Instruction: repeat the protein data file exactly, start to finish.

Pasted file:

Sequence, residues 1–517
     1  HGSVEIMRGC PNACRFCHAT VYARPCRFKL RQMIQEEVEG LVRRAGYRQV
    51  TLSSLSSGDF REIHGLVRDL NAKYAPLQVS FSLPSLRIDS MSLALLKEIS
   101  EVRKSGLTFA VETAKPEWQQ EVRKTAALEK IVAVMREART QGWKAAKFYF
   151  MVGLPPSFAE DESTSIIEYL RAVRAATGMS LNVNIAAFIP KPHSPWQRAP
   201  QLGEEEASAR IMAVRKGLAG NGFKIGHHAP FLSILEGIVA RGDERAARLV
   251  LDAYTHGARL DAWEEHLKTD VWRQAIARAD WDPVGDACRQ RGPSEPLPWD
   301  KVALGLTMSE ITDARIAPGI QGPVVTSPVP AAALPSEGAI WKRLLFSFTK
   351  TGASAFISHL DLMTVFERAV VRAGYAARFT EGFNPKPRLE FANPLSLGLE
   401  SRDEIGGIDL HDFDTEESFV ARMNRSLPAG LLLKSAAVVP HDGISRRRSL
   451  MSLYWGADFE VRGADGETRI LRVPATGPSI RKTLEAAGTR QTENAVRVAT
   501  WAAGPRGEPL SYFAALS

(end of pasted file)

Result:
Sequence, residues 1–517
     1  HGSVEIMRGC PNACRFCHAT VYARPCRFKL RQMIQEEVEG LVRRAGYRQV
    51  TLSSLSSGDF REIHGLVRDL NAKYAPLQVS FSLPSLRIDS MSLALLKEIS
   101  EVRKSGLTFA VETAKPEWQQ EVRKTAALEK IVAVMREART QGWKAAKFYF
   151  MVGLPPSFAE DESTSIIEYL RAVRAATGMS LNVNIAAFIP KPHSPWQRAP
   201  QLGEEEASAR IMAVRKGLAG NGFKIGHHAP FLSILEGIVA RGDERAARLV
   251  LDAYTHGARL DAWEEHLKTD VWRQAIARAD WDPVGDACRQ RGPSEPLPWD
   301  KVALGLTMSE ITDARIAPGI QGPVVTSPVP AAALPSEGAI WKRLLFSFTK
   351  TGASAFISHL DLMTVFERAV VRAGYAARFT EGFNPKPRLE FANPLSLGLE
   401  SRDEIGGIDL HDFDTEESFV ARMNRSLPAG LLLKSAAVVP HDGISRRRSL
   451  MSLYWGADFE VRGADGETRI LRVPATGPSI RKTLEAAGTR QTENAVRVAT
   501  WAAGPRGEPL SYFAALS